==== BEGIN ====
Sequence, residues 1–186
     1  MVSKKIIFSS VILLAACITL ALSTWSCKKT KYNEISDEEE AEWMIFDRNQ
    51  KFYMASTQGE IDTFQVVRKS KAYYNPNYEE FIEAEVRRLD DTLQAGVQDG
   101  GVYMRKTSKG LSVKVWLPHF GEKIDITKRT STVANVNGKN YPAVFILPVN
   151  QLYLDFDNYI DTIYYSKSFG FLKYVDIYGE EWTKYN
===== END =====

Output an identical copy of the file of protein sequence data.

Sequence, residues 1–186
     1  MVSKKIIFSS VILLAACITL ALSTWSCKKT KYNEISDEEE AEWMIFDRNQ
    51  KFYMASTQGE IDTFQVVRKS KAYYNPNYEE FIEAEVRRLD DTLQAGVQDG
   101  GVYMRKTSKG LSVKVWLPHF GEKIDITKRT STVANVNGKN YPAVFILPVN
   151  QLYLDFDNYI DTIYYSKSFG FLKYVDIYGE EWTKYN